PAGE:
“The Feeling of Spring” begins with the beautiful line: “It’s like the smell of the tar of cigarettes from France.” I believe I like this for personal reasons. My best friend in tenth grade and I used to smoke together in the showers of my high school gymnasium: usually Camel filters, but sometimes Gitanes that his French grandparents would give him; the latter were a treat, and my memory of the particular weight of their smoke in my mouth, tinged with naphtha from David’s brass Zippo, is still bright, and linked for me to the scene in 2 ou 3 choses que je sais d’elle in which Marina Vlady asks for an American cigarette, because the French ones are too harsh.
One of the great dilemmas in poetry and poetic prose concerns the ideal degree of specificity. If one refers merely to a “bird,” as Nabokov and Eliot complained, this is lazy sentimentality; but description can easily grade into the pedantic, and then into realms that no longer have much to do with art. To say a person saw “a house” is often to say too little; to say she saw “a 1920’s Colonial Revival house with two chimneys, two dormers on either slope of the gabled roof, triangular pediments over the doorways painted a glossy cream color, raised panel shutters, and iron boot scrappers beside the granite steps” is, to one ear, correct, and to another belabored; to go further is to break with the fictive weave and move into the realm of architectural reportage. Imprecision is a common artistic vice, but it is also true that something about beauty has to do with the unknown: in The Beautiful Room is Empty, Edmund White writes: “For weeks we had circled each other wordlessly, my father up on a ladder, me with my eternal rake and wheelbarrow, his anger between us, mysterious as the stone the Muslims worship.” It would not worked had he said, “mysterious as the Ka’aba,” or if he had made clear, as he must have known, that Muslims don’t actually worship the stone. The comparison is beautiful because it invokes another world.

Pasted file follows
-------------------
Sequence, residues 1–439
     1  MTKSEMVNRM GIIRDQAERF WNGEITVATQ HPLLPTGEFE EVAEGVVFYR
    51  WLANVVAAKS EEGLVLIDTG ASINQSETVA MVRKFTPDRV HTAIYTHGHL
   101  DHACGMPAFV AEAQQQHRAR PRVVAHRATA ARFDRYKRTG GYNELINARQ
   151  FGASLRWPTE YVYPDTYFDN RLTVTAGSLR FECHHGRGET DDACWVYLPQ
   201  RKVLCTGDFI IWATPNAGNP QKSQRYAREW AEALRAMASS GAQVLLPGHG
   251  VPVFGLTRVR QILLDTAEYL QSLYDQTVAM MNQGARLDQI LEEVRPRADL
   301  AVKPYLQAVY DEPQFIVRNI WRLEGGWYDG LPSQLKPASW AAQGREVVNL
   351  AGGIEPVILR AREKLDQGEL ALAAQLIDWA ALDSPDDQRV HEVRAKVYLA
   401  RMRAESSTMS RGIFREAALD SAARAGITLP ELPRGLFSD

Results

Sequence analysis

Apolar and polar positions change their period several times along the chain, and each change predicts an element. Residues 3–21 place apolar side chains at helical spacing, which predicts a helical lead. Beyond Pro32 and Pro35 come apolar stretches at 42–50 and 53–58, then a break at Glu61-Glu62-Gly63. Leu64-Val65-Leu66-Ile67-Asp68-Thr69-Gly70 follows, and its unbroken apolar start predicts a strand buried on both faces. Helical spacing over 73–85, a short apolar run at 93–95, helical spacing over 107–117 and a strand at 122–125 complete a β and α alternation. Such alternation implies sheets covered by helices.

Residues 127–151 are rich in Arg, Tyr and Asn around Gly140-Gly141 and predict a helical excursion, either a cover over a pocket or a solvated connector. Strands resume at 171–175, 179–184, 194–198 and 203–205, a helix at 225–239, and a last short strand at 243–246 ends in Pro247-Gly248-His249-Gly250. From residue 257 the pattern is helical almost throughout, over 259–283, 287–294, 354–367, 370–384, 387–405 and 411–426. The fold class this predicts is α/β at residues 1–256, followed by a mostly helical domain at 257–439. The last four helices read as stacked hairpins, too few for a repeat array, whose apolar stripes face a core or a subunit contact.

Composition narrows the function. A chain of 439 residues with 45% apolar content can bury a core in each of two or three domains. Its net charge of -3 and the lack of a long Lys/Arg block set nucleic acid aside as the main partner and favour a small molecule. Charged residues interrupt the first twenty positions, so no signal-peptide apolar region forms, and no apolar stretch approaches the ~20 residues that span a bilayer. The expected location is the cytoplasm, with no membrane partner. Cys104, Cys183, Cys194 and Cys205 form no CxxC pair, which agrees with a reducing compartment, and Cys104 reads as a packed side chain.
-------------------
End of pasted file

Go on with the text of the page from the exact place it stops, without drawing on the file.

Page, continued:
When is it permissible or desirable to emphasize what is necessarily true? In “Green Flute,” Hagiwara writes, “elephants with long ears are lumbering along.” Elephants’ ears are always long but it seems right that he has chosen to remind us of that here. Does their ears’ length seem burdensome to us, and does this add to the languor of their lumbering? Or is it that our very idea of the elephant’s ear, like most of our ideas, is the mere coupling of an almost forgotten visual cliché to a label, and has become a way of forgetting the independent reality of the shape and texture of an elephant’s ear until our attention is drawn to it by means of poetic description?
The poems tend to revolve around a phenomenal stimulus that provokes an undirected nostalgia. This is a common feature in the writings of the depressed, for whom the sight and touch of an object, the sound of words, and so on take on the character of a mirage. They do not have the feeling of permanence, and the depressed person longs for a more immediate phenomenality.
with our pitiful sensations / we can only see slight things that have appeared.